Family Wins in Brain Death Case: Jahi McMath Moves to Care Facility

Brain deathThe family of Jahi McMath has seen a partial win in the brain death case against Children’s Hospital in Oakland, as the 13-year-old has been moved to a care facility. This was the family’s only hope after a judge ruled on Christmas Eve that the teenager was dead and could be taken off life-support as the hospital wanted to do.

The family had until December 31 to lodge an appeal, which was when they made it clear they wanted to move McMath to a care facility. Before transportation, breathing and feeding tubs needed to be placed into the body of the 13-year-old, but the hospital refused to do it on the grounds that it was unnecessary when the teenager was dead.

After a week-long battle, the hospital left the ventilator in place so McMath could be transported; but no feeding tube was put in place. The coroner released the body to her mother on Monday, and the transfer happened quietly and easily.

Christopher Dolan, the lawyer for the family, refused to give details of the facility that the girl has been moved to. Previous facilities were mentioned, one in San Francisco and one in Los Angeles, which led to them pulling out their offer after an increase in media attention. To prevent this third and final offer being pulled, the family decided the name and location needed to be kept secret.

$50,000 was raised to help fund the care bill for the teen, whose brain death condition is irreversible. Donations were sent in after the family made their story public. It is a sad case, but by allowing McMath’s body to be moved to the care facility, the family has partially won in this brain death case. It may lead to some hope for other families that are experience similar situations.

McMath went in for a routine procedure to help her sleep apnea. Although there were no complications during the surgery, afterward she began to lose large amounts of blood, suffered brain hemorrhaging, and ultimately went into cardiac arrest. She never regained consciousness after the heart attack, and three days later, doctors declared McMath brain dead. The family refused to believe it, and fought as hard as they could to prevent the 13-year-old Californian girl being taken off life-support.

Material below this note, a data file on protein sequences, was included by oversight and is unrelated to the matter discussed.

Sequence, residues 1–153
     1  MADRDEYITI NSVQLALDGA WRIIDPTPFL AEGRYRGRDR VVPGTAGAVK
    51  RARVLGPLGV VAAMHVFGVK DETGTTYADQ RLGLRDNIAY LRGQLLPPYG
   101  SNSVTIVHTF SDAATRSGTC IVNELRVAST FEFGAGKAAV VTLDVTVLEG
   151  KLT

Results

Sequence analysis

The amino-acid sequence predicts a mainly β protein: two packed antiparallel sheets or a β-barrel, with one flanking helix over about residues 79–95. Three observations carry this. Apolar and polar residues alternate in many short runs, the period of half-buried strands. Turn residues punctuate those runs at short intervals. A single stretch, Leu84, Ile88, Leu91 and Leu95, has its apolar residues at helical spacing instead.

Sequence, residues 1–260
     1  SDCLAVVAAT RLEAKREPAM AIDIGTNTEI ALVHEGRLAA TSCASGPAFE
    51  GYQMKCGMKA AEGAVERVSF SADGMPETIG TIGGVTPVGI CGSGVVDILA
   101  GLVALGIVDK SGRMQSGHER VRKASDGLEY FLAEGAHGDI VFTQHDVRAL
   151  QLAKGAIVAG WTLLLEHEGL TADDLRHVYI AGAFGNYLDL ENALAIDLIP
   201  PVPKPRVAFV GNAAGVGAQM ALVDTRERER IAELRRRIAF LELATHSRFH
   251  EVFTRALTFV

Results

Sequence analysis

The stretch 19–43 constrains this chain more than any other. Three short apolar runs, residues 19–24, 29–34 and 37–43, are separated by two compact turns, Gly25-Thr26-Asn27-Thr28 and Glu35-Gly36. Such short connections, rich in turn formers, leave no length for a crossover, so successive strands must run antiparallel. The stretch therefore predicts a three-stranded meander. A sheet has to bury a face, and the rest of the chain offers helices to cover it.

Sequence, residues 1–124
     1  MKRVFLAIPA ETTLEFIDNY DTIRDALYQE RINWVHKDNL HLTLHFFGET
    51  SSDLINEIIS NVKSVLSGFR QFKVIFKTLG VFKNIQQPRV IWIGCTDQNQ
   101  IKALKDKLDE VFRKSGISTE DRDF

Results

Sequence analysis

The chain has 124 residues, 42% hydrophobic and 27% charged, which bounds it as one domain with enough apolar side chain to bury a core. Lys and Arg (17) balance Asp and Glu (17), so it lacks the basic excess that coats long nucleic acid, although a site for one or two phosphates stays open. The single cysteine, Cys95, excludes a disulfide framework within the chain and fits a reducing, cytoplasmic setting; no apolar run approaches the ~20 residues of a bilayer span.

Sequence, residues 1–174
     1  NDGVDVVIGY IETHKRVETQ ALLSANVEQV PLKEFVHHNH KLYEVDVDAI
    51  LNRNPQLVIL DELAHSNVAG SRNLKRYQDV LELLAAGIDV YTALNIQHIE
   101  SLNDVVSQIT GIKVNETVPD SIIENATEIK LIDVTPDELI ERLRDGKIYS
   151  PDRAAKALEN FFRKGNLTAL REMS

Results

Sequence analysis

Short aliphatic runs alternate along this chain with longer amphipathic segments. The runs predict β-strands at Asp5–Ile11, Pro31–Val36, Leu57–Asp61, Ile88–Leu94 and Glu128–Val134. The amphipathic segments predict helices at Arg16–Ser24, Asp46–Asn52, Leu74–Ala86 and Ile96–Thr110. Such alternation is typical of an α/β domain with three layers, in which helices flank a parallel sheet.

The case has left many medical experts and campaign groups divided. Even pro-life advocates have been divided on the situation. There have been some advocates who liken it to the 2005 case of Terri Schiavo, whose husband, Michael Schiavo, had battled her parents, Bob and Mary Schindler, for the right to remove the feeding tube which had sustained Shiavo for over a decade after heart failure had left her in a persistantly vegetative state. Michael Schiavo finally won the right to have his wife’s feeding tube removed on March 18, 2005, and his wife died on March 31. The Schindlers had argued that Schaivo’s condition was treatable, and they believed there was hope for recovery, even though three out of the five doctors who examined Schaivo for the court battle deemed her brain damage as permanent.

Unlike Schaivo, who still showed brain activity despite being in a vegetative state, many point out that the brain death of McMath is irreversible. There is no brain activity at all, which means that she is medically dead. Her bodily functions are only surviving due to the respirator, and she will never walk out of the hospital without some type of miracle.

Brain death was not decided on lightly by the doctors. Two doctors had to run separate tests and came to the same conclusion. A court appointed neurologist also ran tests, which came to the same diagnosis. While it may seem that the family has won in the brain death case by moving McMath to a care facility, it is a sad time for all.

By Alexandria Ingham

ABC News

NBC News

World

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